I have a contract with an equipment hosting company that contains a 'Force Majeure' clause. I was informed a few weeks ago that this clause was activated due to a blown transformer caused by unusually warm weather forcing my hosted equipment to go offline for an extended period while the company moved my equipment to a new facility.

My question is whether the use of this clause in this event carries some burden of proof with it. I have no idea if the weather caused some kind of misfortune. Does this company have to prove this to my satisfaction?

  • 4
    An additional question is whether merely "unusually" warm weather constitutes a Force Majeure event or not. Seems eminently foreseeable to me. Commented Jul 31, 2021 at 16:58
  • 2
    An additional question is whether you would expect a professional hosting company to have more than one source of electricity (2 transformers and/or generators) to cope with a transformer failure (for whatever reason).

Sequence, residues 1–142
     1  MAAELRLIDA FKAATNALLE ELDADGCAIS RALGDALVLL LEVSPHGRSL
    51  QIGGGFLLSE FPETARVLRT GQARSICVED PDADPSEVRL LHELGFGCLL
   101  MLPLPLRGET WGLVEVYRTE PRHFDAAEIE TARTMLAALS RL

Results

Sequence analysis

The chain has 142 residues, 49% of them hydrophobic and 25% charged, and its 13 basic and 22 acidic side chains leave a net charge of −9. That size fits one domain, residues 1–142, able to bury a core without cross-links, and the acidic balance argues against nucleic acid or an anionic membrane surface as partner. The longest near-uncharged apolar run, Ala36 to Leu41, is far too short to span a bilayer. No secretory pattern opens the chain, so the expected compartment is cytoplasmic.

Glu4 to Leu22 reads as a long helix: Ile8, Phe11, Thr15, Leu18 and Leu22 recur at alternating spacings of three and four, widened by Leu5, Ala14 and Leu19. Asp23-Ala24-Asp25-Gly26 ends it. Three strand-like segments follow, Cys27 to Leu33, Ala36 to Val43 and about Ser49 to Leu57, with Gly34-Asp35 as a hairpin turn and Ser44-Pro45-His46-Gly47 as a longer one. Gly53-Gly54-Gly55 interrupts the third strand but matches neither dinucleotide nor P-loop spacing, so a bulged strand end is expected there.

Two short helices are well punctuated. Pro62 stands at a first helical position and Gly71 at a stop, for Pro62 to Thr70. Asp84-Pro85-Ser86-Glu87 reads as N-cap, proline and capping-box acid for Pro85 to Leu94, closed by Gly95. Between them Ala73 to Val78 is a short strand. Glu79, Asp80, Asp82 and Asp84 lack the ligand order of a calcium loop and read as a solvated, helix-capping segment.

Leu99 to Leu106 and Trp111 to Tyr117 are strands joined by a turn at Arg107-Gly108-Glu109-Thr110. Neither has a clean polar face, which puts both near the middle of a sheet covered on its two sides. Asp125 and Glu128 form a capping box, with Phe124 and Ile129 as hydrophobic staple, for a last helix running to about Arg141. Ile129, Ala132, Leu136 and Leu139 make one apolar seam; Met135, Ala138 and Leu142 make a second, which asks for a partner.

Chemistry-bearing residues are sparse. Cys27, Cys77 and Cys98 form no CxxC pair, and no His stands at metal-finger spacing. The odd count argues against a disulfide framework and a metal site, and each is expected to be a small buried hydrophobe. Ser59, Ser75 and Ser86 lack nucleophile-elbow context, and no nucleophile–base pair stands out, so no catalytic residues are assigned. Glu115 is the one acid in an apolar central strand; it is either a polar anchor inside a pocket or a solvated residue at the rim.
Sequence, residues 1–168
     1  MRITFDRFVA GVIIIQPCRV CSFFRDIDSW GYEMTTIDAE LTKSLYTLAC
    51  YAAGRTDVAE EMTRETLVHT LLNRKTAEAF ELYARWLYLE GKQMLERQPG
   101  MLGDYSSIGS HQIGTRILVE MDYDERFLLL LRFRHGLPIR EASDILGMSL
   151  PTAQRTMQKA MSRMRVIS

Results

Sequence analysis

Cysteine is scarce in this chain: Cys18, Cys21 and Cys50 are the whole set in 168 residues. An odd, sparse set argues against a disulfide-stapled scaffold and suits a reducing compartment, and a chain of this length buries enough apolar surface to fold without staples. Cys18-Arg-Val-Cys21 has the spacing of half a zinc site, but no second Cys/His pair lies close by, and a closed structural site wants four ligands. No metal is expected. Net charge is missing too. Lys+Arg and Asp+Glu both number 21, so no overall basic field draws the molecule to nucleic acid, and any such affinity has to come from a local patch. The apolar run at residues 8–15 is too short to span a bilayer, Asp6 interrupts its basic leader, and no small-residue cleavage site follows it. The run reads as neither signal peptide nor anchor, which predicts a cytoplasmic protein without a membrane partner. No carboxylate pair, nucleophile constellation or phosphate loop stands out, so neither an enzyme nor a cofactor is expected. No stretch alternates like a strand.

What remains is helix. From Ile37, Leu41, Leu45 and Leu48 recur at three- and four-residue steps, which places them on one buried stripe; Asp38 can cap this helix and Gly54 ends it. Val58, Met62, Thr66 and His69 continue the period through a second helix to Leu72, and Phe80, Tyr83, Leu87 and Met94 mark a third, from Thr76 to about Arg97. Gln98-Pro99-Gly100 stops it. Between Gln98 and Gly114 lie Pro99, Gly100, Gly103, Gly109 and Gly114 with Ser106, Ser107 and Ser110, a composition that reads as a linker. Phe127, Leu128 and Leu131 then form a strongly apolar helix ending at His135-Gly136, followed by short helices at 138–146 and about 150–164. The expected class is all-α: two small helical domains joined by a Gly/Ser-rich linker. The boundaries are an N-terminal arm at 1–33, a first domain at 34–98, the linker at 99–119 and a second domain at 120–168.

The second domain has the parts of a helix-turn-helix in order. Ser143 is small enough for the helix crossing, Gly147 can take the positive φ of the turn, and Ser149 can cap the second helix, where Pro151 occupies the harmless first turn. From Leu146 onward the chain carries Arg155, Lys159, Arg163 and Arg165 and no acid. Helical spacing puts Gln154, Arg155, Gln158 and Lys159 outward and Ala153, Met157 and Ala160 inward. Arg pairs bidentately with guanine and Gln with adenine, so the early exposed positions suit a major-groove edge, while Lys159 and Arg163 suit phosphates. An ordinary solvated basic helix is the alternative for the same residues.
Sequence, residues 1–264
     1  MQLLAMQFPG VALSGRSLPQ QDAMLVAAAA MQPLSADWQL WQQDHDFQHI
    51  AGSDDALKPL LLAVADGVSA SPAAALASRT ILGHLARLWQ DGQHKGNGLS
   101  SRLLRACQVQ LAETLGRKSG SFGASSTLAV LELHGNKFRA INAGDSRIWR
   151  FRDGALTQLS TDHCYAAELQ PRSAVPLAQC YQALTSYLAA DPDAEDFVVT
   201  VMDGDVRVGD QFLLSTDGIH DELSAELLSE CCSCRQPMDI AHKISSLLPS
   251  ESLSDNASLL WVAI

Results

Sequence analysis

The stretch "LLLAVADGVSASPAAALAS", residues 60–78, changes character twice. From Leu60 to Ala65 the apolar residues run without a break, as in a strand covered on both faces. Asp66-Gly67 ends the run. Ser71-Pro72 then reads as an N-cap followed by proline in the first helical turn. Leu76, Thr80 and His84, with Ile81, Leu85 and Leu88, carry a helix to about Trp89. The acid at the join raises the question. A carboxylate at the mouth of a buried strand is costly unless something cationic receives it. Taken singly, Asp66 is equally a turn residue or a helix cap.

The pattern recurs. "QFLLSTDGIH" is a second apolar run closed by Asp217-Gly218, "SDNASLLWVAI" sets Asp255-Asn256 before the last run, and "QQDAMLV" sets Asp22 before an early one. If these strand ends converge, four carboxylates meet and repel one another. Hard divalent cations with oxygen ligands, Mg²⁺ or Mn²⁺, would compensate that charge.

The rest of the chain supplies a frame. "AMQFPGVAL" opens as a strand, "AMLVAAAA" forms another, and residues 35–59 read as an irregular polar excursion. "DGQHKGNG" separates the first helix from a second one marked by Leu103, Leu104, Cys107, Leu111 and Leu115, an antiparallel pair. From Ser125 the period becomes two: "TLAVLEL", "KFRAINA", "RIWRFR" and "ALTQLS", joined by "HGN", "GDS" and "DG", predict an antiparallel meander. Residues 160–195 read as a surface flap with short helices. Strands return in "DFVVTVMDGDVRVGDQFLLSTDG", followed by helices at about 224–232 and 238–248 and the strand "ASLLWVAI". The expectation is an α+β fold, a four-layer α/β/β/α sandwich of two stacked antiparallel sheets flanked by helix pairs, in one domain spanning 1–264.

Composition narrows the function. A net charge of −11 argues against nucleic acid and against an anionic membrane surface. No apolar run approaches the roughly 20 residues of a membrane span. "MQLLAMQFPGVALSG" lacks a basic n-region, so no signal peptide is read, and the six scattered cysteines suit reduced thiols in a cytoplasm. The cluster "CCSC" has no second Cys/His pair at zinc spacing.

– abligh
    Commented Aug 1, 2021 at 9:20

2 Answers 2


Does this company have to prove this to my satisfaction?

No, or the contract would have specific provisions to that effect.

It is when you dispute (for instance, in court) the company's allegation(s), though, that the company will have to prove to the fact-finder that resorting to the clause was reasonable. Short of acting vexatiously, you will be entitled to rebut in the proceedings the relevance and/or sufficiency of the company's allegations and evidence.


If you dispute the assertion, yes

At this point the company has made an unevidenced assertion. You can either accept that assertion or dispute it.

The exact dispute resolution terms will matter if you do dispute it but, notwithstanding, they will all necessitate that each party provide some evidence to support their position. That will either convince the decision maker (you in a negotiation or mediation; someone else in an arbitration or court) or it won’t.

In a determinative forum like an arbitration or court since they are relying on the assertion, they have the burden of proving it on the balance of probabilities. In this case, they would have to prove the transformer failed, that it failed because of the weather and that that event falls within the scope of the specific force majeure clause.


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